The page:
With sales of virtual reality (VR) gear set to take off this year, we are on the cusp of a new media revolution.
The New York Times shipped more than a million Google Cardboard viewers to subscribers and now has its own VR app. YouTube already accepts 360-degree videos. Quality content, however, is still in its infancy.
Of all the applications that can be pushed through VR, news and live events are what most people will probably experience first. The field is still young, so with the right planning, those seeking a foothold in the industry can still find one.
Photo: Sundance 2016 screening of “Collisions,” a Skoll-supported New Frontiers VR film
During conversations about VR at the 2016 Sundance Film Festival, a common theme was that “capturing is the easy part.” The way you tell the story and the execution of post-production “stitching” are where you see the differences. While the differences are very noticeable when you’re so close to the content, you can forgive a lot in the visuals if the story is compelling. At its core, a good VR production needs to focus on characters, actions, emotions, locations, and plot—not the technology.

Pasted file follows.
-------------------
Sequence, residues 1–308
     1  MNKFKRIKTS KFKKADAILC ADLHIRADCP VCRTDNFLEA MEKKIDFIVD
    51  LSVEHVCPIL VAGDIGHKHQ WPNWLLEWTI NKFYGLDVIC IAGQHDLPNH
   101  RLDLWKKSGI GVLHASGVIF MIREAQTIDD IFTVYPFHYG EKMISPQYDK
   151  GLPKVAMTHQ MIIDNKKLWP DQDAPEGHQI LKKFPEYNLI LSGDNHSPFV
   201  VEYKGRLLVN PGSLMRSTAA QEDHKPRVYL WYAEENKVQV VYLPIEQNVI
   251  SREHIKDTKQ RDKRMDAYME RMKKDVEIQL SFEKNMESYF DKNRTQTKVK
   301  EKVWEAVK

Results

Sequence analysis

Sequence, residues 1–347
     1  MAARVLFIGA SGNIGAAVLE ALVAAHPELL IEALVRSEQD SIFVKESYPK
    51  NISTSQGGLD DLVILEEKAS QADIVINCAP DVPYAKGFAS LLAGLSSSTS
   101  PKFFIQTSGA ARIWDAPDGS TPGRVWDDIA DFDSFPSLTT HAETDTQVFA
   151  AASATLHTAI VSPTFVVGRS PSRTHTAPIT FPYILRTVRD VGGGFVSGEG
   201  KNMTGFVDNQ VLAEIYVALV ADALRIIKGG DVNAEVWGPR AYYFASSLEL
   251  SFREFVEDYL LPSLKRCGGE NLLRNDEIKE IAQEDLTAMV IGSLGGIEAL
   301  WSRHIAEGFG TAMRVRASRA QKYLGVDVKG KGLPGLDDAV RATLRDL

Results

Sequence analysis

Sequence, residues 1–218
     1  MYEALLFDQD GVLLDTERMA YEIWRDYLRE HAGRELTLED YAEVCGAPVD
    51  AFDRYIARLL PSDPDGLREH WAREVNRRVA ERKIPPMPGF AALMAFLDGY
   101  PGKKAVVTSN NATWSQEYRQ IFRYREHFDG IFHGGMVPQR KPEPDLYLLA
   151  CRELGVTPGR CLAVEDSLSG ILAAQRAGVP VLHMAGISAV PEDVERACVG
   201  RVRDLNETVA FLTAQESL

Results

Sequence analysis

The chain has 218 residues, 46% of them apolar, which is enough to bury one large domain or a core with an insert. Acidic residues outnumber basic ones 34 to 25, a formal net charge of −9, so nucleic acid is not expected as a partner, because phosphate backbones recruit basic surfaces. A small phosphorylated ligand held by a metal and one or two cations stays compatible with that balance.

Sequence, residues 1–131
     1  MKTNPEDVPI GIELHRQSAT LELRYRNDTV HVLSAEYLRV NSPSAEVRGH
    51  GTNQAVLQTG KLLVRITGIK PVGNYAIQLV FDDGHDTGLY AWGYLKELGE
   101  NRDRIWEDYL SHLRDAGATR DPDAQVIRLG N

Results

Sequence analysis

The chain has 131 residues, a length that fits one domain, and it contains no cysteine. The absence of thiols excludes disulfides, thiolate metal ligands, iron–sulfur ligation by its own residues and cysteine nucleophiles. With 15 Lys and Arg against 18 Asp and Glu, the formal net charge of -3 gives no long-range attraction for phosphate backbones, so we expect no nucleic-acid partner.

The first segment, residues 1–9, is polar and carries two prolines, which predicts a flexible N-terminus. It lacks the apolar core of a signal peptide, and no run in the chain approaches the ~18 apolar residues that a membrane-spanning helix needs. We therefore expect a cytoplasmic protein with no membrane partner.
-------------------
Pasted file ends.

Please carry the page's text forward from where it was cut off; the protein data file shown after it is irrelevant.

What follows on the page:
The majority of organizations getting into VR production tend to partner with established firms such as Jaunt or VRSE, or team up with media outlets like The New York Times or RYOT. You can go it alone, but expect a steep learning curve before you become proficient at filming simultaneously with six or more GoPros. Also anticipate a significant time investment in stitching together your clips with off-the-shelf tools like VideoStitch Studio.
One other key point to consider is the difference between the two different kinds of 360-degree video used in VR—monoscopic and stereoscopic. Monoscopic video is typically captured by multiple lenses facing in different directions, and then stitched together to create one complete 360-degree image. Since there’s only one image, you don’t experience depth of field.
In creating stereoscopic video, however, you capture slightly offset versions of the same image for each eye, and then play them back side by side. This produces a 3D effect for the viewer, and a more immersive, realistic VR experience.
That said, monoscopic video is cheaper to capture (here is a good resource to determine the capabilities of different cameras). For those wishing to experiment, this might be a good low-risk starting point; cameras are cheap, YouTube and Facebook both accept 360-degree monoscopic videos, and users can explore what you’ve captured in their browsers without a VR headset.
But beware: there is a significant difference between the monoscopic and stereoscopic VR experiences—some only consider the latter to be “true VR”. As VR technology takes off, the use of monoscopic video will decline, as will “VR for VR’s sake”.
Indeed, as Oculus VR founder Palmer Luckey recently said: